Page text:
Sunday, December 28, 2008

The Tenderness of Wolves by Stef Penney

Title: The Tenderness of Wolves
Author: Stef Penney
ISBN-10: 1847240674
Publisher: Quercus/2008
Pages: 450
Rating: 4/5

I had bought this book to be read for the 2nd Canadian Challenge. I had started it but for no apparent reason set it aside. I picked it up again a few days back and was thinking why did I leave it in the first place. It is suspenseful and is very gripping after 50 pages. One just needs to go one.

It is set in 1867, Canada in a settlement of Dove River. A man, Laurent Jammet, a trapper, trader and loner,
is brutally murdered and Mrs. Ross finds him. She also finds that her seventeen year old son is missing. She has no way of knowing if he is involved in the killing. Parker who is an old friend of Jammet, arrives into the settlement and is taken to be a suspect of the murder and jailed. Mrs Ross, after helping Parker escape the jail, sets about tracking down the killer as well her son. It is harsh winters but that does not deter her from her goal.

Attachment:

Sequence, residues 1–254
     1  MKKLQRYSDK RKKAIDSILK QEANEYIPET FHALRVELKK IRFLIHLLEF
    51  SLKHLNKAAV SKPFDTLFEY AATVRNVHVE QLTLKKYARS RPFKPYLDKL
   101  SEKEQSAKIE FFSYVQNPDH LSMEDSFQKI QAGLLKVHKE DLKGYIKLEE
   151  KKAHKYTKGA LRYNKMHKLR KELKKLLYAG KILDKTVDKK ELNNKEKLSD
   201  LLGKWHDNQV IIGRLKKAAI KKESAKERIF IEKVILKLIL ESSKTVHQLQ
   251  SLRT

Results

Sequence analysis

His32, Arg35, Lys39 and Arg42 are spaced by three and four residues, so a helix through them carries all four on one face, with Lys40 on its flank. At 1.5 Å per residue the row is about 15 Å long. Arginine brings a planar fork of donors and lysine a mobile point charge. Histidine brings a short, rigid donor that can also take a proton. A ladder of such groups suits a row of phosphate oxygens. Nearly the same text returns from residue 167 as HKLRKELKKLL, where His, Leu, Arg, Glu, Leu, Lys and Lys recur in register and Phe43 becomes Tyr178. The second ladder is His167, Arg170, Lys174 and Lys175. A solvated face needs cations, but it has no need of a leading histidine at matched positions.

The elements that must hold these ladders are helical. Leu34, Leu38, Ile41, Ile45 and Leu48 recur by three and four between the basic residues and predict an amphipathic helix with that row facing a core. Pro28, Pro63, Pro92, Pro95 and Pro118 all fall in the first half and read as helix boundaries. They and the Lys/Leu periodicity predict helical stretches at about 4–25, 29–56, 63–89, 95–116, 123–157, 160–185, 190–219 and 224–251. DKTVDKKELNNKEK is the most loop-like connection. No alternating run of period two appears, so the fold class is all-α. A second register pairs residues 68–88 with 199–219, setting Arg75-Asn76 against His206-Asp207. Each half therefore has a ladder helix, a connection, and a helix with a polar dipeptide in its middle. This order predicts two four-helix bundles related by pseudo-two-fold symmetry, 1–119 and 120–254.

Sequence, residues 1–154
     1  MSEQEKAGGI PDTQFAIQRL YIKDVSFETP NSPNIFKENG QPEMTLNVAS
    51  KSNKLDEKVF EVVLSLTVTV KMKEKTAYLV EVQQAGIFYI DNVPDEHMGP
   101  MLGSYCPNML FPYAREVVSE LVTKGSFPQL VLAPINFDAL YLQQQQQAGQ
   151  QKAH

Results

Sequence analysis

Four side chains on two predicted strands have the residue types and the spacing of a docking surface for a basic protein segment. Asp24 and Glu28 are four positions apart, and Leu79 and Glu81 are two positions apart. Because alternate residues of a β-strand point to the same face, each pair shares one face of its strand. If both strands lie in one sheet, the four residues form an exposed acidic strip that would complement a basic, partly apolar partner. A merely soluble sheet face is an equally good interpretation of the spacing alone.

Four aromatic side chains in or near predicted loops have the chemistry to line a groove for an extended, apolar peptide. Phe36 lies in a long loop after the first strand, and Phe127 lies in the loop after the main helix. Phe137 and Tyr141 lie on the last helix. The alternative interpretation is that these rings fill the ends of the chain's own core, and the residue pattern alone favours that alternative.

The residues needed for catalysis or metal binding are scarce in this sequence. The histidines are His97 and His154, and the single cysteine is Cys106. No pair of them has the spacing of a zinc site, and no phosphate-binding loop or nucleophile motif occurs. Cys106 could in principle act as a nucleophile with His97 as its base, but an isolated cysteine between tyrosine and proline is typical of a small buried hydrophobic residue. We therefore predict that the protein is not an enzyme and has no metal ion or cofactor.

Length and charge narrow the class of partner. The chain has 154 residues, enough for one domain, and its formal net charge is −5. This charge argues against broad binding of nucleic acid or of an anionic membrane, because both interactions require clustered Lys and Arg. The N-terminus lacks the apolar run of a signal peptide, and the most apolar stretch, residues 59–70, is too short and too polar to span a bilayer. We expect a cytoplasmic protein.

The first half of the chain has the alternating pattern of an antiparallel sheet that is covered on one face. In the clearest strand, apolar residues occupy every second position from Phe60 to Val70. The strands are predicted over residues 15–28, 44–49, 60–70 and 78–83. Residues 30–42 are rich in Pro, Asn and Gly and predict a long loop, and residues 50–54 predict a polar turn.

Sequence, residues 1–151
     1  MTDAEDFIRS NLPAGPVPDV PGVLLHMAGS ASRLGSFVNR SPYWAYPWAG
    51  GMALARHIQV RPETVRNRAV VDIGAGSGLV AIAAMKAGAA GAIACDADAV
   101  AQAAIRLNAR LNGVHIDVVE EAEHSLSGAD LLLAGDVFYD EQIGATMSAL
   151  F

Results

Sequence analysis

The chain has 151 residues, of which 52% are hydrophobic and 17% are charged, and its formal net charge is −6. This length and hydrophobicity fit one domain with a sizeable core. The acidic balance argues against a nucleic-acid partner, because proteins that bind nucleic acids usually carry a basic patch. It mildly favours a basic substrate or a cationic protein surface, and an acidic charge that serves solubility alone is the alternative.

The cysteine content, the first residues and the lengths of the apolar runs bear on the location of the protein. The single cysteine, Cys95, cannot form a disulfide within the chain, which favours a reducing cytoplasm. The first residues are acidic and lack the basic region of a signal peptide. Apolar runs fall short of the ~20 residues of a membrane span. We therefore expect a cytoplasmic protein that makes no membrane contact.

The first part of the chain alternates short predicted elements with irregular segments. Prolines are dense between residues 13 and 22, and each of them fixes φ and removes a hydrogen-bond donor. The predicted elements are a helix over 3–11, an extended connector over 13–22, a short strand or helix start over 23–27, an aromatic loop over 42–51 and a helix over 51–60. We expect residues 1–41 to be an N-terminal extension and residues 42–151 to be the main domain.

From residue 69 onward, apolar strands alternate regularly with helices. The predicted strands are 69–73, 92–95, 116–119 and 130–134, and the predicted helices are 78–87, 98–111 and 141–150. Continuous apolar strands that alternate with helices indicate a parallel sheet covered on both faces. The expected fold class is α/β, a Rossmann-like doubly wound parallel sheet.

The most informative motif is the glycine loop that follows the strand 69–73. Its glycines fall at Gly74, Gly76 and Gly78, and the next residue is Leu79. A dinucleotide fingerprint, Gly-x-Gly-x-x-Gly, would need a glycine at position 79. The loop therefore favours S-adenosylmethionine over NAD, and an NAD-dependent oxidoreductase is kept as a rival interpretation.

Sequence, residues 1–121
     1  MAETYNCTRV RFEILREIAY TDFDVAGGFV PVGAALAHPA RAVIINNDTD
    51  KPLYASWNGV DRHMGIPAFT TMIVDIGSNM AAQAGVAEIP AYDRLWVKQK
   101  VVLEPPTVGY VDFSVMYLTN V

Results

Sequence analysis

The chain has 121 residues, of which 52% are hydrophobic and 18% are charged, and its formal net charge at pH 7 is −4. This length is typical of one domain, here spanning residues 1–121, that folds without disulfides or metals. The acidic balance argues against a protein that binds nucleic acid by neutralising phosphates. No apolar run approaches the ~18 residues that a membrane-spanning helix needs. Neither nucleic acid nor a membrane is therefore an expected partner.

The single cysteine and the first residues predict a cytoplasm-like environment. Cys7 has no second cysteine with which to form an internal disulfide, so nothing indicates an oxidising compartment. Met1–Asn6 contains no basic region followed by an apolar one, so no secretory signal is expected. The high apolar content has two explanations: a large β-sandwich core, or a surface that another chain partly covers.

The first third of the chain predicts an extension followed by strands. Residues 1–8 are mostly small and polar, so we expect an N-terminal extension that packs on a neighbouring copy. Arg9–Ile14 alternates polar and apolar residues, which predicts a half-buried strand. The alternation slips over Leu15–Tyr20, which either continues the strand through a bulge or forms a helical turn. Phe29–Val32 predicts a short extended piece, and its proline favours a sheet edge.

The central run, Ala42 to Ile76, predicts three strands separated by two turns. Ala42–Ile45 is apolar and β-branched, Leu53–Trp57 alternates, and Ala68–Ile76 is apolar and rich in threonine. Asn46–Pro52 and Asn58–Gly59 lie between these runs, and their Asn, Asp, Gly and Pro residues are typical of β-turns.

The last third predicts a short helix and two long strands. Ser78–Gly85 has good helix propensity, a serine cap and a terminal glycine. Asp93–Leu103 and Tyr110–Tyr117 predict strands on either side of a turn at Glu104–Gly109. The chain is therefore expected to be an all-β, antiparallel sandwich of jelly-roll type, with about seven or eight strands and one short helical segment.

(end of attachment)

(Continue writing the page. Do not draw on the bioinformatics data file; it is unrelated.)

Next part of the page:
We find many other characters setting about in journey to catch the killers. No one knows who truly killed Jammet, who had no real friends except perhaps Francis, Mrs Ross' son. The past and present both intermingle at some point. The story being told from the perspective of its characters, although Mrs Ross is the main one. We get glimpses of her relationship with Francis and her husband, Angus, who somehow is resentful of the boy.

This is a very atmospheric book, told from the point of view of immigrants, Indians and others. It very suspenseful too, which continues till the end. Mrs Ross and Parker are bonded in subtle ways although both keep away from each other as much as they can.

The short chapters help us keep going. After the second half, one can't put the book away. The journey by the various characters is the search of one's inner self. Thats how I saw it, felt it. At the end of it, it gets the families closer to each other.

This is a somewhat sad book, with complex characters and has that underlying message that wolves attack only when they are threatened. Unlike human beings. Maybe the animal world does have something to teach us. It is not a book for everyone but for those who like serious reading, I say go for it. I am glad I read it in 2008!